The Summer is the Only Time to Properly Learn Math
Arvin Vohra is an education expert and author of two books, Lies, Damned Lies, and College Admissions and The Equation for Excellence: How to Make Your Child Excel at Math. He is also the founder of Vohra Method in Washington, D.C. What follows is Arvin's advice for summer math.
Summer has always been the best time to get ahead in math. But today, it is the only time for traditional school students to properly learn math. As public schools waste the entire year on common core nonsense, the summer is the best and only time to actually build a foundation.
Using the Summer to Build a Strong Foundation
Math success comes from the ability level with fundamentals, not from how many formulas you know.
For younger students, drill multiplication tables until they are sick of them, and then drill some more. Our app, Multiplication Synapse, is one of many apps that can help with that.
Slightly older students should spend the whole summer doing fractions. You don't need to mix in anything else. Just hammer home fractions until the student dreams about them.
High School Students
Older students should focus on factoring trinomials in preparation for algebra. If you aren't familiar with factoring, use Khan Academy, and get familiar with factoring. Make sure your child then completely masters it.
The Bottom Line
The most important thing: don't use the summer to review the previous year. Use it to get ahead during the following year! Do next year's material during the summer, not last year's material.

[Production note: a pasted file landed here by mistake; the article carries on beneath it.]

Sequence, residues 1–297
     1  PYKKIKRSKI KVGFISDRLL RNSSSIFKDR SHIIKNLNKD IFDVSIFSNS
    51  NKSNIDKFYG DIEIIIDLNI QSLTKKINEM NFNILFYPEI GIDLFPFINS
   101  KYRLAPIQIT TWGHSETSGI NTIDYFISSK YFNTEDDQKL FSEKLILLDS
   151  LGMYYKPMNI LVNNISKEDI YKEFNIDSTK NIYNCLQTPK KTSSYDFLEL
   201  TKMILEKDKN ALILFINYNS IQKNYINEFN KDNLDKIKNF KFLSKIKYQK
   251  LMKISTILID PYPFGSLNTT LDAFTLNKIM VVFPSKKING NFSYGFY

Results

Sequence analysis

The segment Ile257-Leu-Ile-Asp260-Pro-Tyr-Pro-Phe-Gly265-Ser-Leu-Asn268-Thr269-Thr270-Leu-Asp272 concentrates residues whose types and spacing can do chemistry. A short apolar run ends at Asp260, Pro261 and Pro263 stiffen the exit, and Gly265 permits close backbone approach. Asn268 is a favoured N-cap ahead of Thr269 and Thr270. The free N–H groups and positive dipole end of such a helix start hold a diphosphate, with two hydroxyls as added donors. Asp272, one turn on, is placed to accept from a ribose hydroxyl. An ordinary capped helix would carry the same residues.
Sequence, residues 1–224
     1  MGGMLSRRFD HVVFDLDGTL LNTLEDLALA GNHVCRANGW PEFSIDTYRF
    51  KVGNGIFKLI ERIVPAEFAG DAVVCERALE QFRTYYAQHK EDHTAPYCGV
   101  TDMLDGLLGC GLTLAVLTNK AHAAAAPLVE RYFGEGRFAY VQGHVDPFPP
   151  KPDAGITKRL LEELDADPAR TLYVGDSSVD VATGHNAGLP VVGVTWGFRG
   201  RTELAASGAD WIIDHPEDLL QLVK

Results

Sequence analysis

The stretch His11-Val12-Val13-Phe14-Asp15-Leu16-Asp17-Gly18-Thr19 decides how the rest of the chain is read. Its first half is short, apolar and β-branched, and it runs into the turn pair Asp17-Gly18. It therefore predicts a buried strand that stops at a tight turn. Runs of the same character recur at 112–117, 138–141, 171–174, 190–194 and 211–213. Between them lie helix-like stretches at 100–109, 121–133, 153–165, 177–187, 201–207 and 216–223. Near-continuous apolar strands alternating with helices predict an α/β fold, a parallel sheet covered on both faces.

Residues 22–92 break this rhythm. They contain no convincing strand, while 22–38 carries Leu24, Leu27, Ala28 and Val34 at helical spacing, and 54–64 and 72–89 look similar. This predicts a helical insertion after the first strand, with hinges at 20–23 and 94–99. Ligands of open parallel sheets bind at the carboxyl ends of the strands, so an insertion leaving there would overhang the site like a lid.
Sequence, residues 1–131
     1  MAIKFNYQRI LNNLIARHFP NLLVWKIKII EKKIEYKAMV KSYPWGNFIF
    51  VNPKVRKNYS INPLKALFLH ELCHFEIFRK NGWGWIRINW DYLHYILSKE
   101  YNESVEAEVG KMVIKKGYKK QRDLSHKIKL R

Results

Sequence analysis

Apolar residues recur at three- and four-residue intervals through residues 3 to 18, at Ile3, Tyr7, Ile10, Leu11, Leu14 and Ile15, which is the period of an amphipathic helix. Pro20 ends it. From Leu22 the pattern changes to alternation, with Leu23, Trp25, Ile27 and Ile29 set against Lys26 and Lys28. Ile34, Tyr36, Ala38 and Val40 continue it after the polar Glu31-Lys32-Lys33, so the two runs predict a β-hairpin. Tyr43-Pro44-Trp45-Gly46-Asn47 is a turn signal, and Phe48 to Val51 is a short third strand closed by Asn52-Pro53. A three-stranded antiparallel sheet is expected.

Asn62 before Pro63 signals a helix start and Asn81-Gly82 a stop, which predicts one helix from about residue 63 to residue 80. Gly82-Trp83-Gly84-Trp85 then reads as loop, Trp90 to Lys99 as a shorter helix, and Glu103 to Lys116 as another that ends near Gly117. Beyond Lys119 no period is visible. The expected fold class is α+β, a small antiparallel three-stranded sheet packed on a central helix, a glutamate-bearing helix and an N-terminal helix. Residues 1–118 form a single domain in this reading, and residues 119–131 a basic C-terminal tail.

Use Creative Workbooks During the Summer
Eugenia Francis didn't just give us advice for improving kids' math skills over the summer, she gave us a true story. Eugenia is a university English instructor turned children math book writer. You'll read more about her unconventional workbook, Teach Your Child the Multiplication Tables, Fast, Fun & Easy, through her true story below.
Her story will hit home for afterschooling parents.
Summer Is Ideal for Teaching Children the Times Tables
Times tables mastery is too important a task to be left to schools alone. Many students, especially public school students, finish the school year without mastering the times tables. Plenty of children in non-traditional education programs may also need some extra practice time when summer rolls around.
My innovative workbook, based on easy-to-remember patterns and designed for grades 2-4, is a serious math workbook disguised as a fun activity book. My workbook with its child-friendly circus characters instructs and entertains. My goal is not only multiplication mastery for all children, but to instill in them a love of numbers and fascination with math.
My Times Tables Workbook
When my son struggled with rote memorization, I knew there had to be a better way! As a university English instructor, I was trained to search for patterns. Patterns reveal the underlying structure. Patterns aid recall. Children enjoy discovering patterns.
I knew my workbook would be a success when I gave a copy to a friend who was spending the summer at the beach. She told me she'd have her son spend 20 minutes a day on my book. However, she found that he was filling in pages and pages on his own and wouldn't put the book away till dinnertime.
Top learning specialists, including Sandra Rief, author of How to Reach and Teach Children with ADD/HD, have endorsed my book. I've sold 18,000+ copies on Amazon in the US and Europe and even been profiled in The Wall Street Journal.
The Bottom Line
Most children enjoy math problems when they aren't presented as "homework" or required "problems." When your child is unable to master a concept during the academic school year, the summer is a perfect opportunity to emphasize a specific area of study.Last updated on May 17, 2017